There’s really nothing revolutionary about this from a concept point of view. You’re basically describing message based architectures that people have been doing for a long time. I know you feel like you’re pioneering, but if you look at some of the free (and not free) msg/queue based systems out there, you’ll see that 90% of your “connection manager” code is already written and it scales, has fail over and load balancing.

Look at the ajax section of active MQ to see how you can do exactly what you’re saying without flash. This would never fly in enterprise because of the flash dependency and the apparent lack of scalability.

http://activemq.org/site/home.html

Tibco’s Messaging System
http://www.tibco.com/software/messaging/enterprisemessageservice.jsp

IBM (MQ SERIES)
http://www-306.ibm.com/software/integration/wmq/features/

Comment by Chris Hamilton — July 21, 2006

I’ve released a new version of Juggernaut that solves the firewall issue (it uses port 443 which should be unblocked with most companies).

RE: Alex Russell – debugging isn’t too difficult as you can just use flash’s ‘trace’ function to show any data being received. Glad to see you’re looking into using flash :)

Comment by Alex MacCaw — July 21, 2006

This SHIT is ILLEGAL, according to the HTTP Spec you Idiots. You cannot do this (ie push random shit) to the unsuspecting public.

Oh yeah, you desparados will learn it the hard way.

Oh what? No freaking client in existence today allows Keep-Alive connections. So, whacha gonna push.

IDIOTS.

Comment by W3C — July 21, 2006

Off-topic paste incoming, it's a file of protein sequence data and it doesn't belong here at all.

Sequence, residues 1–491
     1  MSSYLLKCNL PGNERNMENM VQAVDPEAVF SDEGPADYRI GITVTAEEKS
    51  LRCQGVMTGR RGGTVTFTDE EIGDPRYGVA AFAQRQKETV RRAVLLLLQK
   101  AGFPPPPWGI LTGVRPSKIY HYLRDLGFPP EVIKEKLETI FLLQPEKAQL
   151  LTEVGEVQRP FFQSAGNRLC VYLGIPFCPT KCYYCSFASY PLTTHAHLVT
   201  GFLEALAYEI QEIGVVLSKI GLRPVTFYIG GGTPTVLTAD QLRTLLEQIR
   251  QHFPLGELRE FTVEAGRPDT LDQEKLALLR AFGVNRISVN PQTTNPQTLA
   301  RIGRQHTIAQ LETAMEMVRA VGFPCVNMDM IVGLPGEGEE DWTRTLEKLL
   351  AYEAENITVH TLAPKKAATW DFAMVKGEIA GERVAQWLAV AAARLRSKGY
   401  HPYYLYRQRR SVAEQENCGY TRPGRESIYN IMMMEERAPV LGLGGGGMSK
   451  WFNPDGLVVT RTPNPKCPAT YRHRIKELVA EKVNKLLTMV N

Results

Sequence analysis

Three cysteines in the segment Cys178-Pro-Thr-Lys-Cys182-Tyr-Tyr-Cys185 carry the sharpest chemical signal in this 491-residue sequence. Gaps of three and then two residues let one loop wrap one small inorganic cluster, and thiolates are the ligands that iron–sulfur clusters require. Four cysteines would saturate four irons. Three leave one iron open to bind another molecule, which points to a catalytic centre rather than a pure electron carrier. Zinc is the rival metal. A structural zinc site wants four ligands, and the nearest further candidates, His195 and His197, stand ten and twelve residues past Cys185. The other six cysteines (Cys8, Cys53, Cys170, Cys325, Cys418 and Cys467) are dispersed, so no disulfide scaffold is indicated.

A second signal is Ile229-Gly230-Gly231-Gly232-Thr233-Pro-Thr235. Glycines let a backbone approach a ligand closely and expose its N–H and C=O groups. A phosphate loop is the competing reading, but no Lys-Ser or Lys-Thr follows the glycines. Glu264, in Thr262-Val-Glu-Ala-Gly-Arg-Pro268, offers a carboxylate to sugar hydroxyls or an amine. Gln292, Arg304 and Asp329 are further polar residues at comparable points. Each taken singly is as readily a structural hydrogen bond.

hey W3C,

Every modern browser I’ve tested supports some variant of Comet, either via progressive-rendering hack, long-poll XHR, or mime multipart/x-mixed-replace. None of these violate the HTTP spec AFAIK. There’s nothing in RFC 2616 that notes that clients should close connections as soon as possible, only that they should only hold 2 concurrent connections open to any server at any time. None of this even relies on HTTP 1.1 keepalive. It’s just a server that doesn’t close a connection immediately.

Regardless, the Flash-based system that Juggernaut employs *doesn’t even use HTTP*. It may be sending XML over the wire, but it’s a custom full-duplex socket scheme supported only by Flash clients.

If there’s some part of RFC 2616 that we haven’t correctly understood, a section number would be a helpful reference.

Regards

Comment by Alex Russell — July 22, 2006

I tried this plus-in. It’s cool especially to implement a web page based online chat. While I meeting one problem as below:
I think it’s still about firewall things. The warning message is:
“there has been an error connectin. please check the push server and make sure your firewall has the correct ports open”
For my understanding, this is because of my adsl service provider block the 443 port, is it correct? Could you pls kindly advise on it? And is there some better solution to handle such problem?
Many thanks

Comment by Terry — September 4, 2006

Juggernaut — push content to your Rails app (comet)

Collaborative apps, from chat to real-time collaboration, can be created once you add the ability to push and pull data to and from your rails app. Find out how.

Trackback by Anonymous — October 15, 2006

[…] Ajaxian » Juggernaut: Comet for Rails? (tags: Tech WebDev AJAX Comet RubyOnRails) […]

Pingback by -TMA-1- » links for 2006-11-06 — November 5, 2006

A lot of work has been done updating Juggernaut since the last posts. Check here for the most up-to-date information:

http://ncavig.com/blog/

Comment by Nic — May 12, 2007

I have a experiment to use only Ruby on Rails + AJAX + Mongrel + ActiveMQ to archive same real time function without Flash dependency. Check it out here: http://www.reality.hk/articles/2007/07/01/736/

Comment by Siuying — July 1, 2007